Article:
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Old 08-07-2009, 09:20 PM
 
Location: East coast, U.S.
1 posts, read 19,484 times
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Are there any? I'm looking to move in about a year or two, so I'm in the planning and saving phase. Trying to find a city that fits my general preferences:

- great public transportation system and walkable city (no car)
- liberal feel, "hippie" subculture a plus
- access to woods and parks, camping and outdoor activities
- reasonable cost of living (relative I know)

Portland seems to be what I've been looking for, but I'm curious if there is an east coast gem I'm missing.

p.s. I also like Portland because of the unique weather.. it's my favorite.

Last edited by skygliding; 08-07-2009 at 09:28 PM..
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Old 08-08-2009, 03:22 AM
 
44 posts, read 272,835 times
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I'd say Pittsburg.

Maybe cities in upper New York like Buffalo or so.
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Old 08-08-2009, 07:12 AM
 
Location: Westchester County, NY
10,762 posts, read 17,379,745 times
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Except that it is very small compared to Portland, I'd say Burlington, VT hands down. I don't think anything on the East Coast (and I use that term liberally as Burlington is about 300 miles inland) will match Portland's weather (though perhaps in cloudiness VT does), for better or worse, but it probably matches what you say better than anything else on the East Coast.

The cost of living is the only one I wonder about. I explored moving to Burlington (from the NYC area) earlier this year and while it was nowhere near the costs of NYC or Boston or DC area, it was pretty high for an area of its size. Don't know how it compares to Portland though (I had heard that Portland is pretty pricey because of limits on sprawl, which ironically is the explanation for Burlington's costs).
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Old 08-08-2009, 10:53 AM
 
46 posts, read 108,869 times
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Portland, Maine
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Old 08-08-2009, 11:41 AM
 
Location: pittsburgh/portland
57 posts, read 177,728 times
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It'll be hard to find an East Coast city with all of those attractions. Pittsburgh has a low cost of housing and lots of access to outdoor activities, but their public transportation is sad compared to Tri-met, and while they have excellent bike trails the streets themselves are narrow, hilly (you'll get in shape in a hurry!) and badly lit. There's a liberal feel in the east end and around the colleges, but it's a different sort than West Coast cities, and I wouldn't really call it hippie.

DC is an expensive place to live and (like NY, Philadelphia and Boston) to get to outdoors places that feel as wild as the PNW you'll have to drive a couple of hours out of town. However, walking and public transportation is good, and you'll be living in a place where protests and rallies are just part of the way things happen rather than some sort of shocking event. Metro is expensive, but the museums are free and DC has always had a vibrant and diverse music scene.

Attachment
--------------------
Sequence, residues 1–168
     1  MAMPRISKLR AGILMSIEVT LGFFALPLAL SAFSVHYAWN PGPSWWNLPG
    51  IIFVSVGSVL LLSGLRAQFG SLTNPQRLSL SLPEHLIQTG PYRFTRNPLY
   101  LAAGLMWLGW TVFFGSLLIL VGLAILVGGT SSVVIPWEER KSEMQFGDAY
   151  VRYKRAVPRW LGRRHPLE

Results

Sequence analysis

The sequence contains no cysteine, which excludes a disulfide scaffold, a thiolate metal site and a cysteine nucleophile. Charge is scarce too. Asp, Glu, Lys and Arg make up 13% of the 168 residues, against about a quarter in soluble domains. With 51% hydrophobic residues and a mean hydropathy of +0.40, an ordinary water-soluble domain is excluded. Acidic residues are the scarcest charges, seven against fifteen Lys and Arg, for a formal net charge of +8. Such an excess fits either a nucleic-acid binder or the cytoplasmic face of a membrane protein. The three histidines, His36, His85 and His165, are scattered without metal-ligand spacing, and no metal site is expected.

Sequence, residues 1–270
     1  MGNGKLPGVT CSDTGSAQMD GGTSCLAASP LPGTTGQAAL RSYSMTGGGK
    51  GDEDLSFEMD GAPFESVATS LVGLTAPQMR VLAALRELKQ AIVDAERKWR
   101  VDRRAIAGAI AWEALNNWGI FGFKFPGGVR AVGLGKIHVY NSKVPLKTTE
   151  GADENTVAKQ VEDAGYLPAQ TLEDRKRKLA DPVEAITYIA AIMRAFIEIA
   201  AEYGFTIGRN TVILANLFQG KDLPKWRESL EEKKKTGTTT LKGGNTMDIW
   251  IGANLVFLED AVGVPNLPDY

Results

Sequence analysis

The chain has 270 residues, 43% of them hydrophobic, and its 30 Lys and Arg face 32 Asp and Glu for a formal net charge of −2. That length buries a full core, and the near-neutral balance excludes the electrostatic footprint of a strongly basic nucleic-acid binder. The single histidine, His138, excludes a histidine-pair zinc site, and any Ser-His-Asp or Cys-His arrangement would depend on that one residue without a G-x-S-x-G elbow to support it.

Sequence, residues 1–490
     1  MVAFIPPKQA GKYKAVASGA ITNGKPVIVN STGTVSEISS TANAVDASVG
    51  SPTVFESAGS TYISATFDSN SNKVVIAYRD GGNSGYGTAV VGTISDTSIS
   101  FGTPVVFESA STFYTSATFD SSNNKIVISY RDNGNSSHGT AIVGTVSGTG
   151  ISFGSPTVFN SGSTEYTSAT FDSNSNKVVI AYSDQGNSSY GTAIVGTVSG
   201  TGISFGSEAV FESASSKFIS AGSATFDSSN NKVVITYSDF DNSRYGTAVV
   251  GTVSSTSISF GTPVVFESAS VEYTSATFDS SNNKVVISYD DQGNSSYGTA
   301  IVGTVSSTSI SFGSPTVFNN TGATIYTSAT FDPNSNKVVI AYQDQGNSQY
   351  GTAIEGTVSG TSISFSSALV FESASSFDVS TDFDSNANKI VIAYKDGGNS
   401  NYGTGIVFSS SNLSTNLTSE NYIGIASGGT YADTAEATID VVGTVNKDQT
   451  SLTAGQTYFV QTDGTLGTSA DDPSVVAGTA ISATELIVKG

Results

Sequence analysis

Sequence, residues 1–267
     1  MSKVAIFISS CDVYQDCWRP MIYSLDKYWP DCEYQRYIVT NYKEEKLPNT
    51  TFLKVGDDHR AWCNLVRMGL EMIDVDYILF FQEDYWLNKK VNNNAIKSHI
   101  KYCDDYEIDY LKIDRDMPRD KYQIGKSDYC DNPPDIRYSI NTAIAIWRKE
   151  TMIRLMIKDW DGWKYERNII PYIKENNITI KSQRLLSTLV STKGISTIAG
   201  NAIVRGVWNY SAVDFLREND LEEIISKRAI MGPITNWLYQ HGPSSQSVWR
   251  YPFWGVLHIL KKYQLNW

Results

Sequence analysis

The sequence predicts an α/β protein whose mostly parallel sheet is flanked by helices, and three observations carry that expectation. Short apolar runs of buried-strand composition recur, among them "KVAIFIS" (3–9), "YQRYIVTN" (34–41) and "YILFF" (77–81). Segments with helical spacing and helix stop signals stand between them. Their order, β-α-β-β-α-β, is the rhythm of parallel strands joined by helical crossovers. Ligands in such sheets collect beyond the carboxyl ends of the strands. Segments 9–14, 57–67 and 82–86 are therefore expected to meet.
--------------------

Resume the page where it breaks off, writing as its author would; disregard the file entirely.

Smaller college towns like Ithaca NY, Asheville NC or Burlington VT might have a more similar feel, though I don't know about their public transportation options.
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Old 08-10-2009, 02:33 PM
 
Location: Brooklyn, NY
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Pittsburgh. It's not quite East coast though. More like "Appalachian", in a good way, not a Deliverance way. And it's cheap, green, has the liberal, walkable/bikeable east end. It's not hippie though. I'd definitly say the smaller cities in Vermont or upstate NY are more hippie. Pittsburgh is more urban. More hipster than hippie. But it is surrounded by beautiful, woodsy, mountainous country side. Public transportation isn't terrible, but it's not great either. I have plenty of friends there who don't own cars and do just fine, but winter can be trying without a car. Pittsburgh has an excellent bus system and a small subway/light rail that serves Downtown and the South Hills.
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Old 08-10-2009, 04:03 PM
 
Location: Oceanside and Chehalem Mtns.
716 posts, read 2,690,527 times
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Baltimore
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Old 08-10-2009, 06:10 PM
 
Location: Portland, Oregon
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I enjoyed east-central Massachusetts - the area around Worcester and Framingham. It's far enough from Boston to be less expensive, but close enough to go there whenever you want.
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Old 08-10-2009, 08:12 PM
emh
 
298 posts, read 819,388 times
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Asheville, NC would be a good fit though the public transportation isn't that great. Otherwise, it's definitely a liberal/hippie city, has a walkable downtown, the Blue Ridge Mountains are minutes away and the weather is (relatively) mild.
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Old 08-10-2009, 11:44 PM
 
544 posts, read 1,397,363 times
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Lowell MA.
For MA, I would say its the closest thing to Portland but way way way way smaller populationwise (100 grand). It has the art culture and birthplace to Jack Kerouac.
Burlington VT and Portland ME most likely compare more though but for MA, Lowell is my pick for being closest city to Portland. A cambodian/viet population as well.
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